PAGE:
Sunday, January 6, 2013

Telehealth Bill Introduced

 

On December 30th, Representative Mike Thompson (D-CA) introduced the “Telehealth Promotion Act of 2012” (H.R. 6719) in the House to promote and expand the application of telehealth under Medicare and other Federal healthcare programs. The Act would fix two existing barriers to telemedicine in federal health programs that apply to reimbursement and physician licensure. The passage of the bill would extend the benefits of telehealth and mHealth to nearly 75 million Americans.

If passed, the restriction on coverage of services provided by a telecommunication system would be removed for:

  • Medicare and Medicaid
  • CHIP
  • Federal employees health, dental, and vision benefits programs
  • TRICARE
  • Department of Veterans Affairs

No small matter either is the ability for providers to be able to be reimbursed for telemedicine visits. (this however will open a whole new entity to audit and prevent fraud and abuse.). It has been shown already that telemedicine visits actually increase clinic visits for questions, follow-up and determination of treatments for problems unable to be handled via a video conference. Perhaps coupled with remote monitoring and/or robotic remote laboratory testing, it may prove to be worthwhile. Nanotechnology applied to quick paper strip chemical testing may be the answer.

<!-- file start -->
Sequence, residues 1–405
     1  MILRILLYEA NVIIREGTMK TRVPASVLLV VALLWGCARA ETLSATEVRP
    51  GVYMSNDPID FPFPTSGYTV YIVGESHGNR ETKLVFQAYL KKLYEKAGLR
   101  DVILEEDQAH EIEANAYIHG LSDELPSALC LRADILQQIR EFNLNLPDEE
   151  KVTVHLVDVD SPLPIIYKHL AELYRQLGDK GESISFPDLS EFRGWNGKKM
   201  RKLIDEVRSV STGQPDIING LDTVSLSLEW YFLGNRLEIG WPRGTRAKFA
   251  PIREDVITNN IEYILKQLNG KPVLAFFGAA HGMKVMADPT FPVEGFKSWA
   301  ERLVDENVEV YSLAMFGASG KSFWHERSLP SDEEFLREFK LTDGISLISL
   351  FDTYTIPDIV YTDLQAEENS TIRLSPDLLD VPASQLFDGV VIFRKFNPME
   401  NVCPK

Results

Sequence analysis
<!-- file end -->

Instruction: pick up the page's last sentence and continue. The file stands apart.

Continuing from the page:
Colored water is used to show how liquid wicks along tiny channels formed in paper using a laser, in research to develop a new technology for medical diagnostics and chemical analysis. Silica micro particles were deposited on patterned areas, allowing liquid to diffuse from one end of a channel to the other. (Birck Nanotechnology Center, Purdue University)

Researchers have invented a technique that uses inexpensive paper to make "microfluidic" devices for rapid medical diagnostics and chemical analysis. To demonstrate the new concept, the researchers created paper strips containing arrays of dots dipped in luminol, a chemical that turns fluorescent blue when exposed to blood. Blood was then sprayed on the strips, showing the presence of hemoglobin. (Birck Nanotechnology Center, Purdue University)

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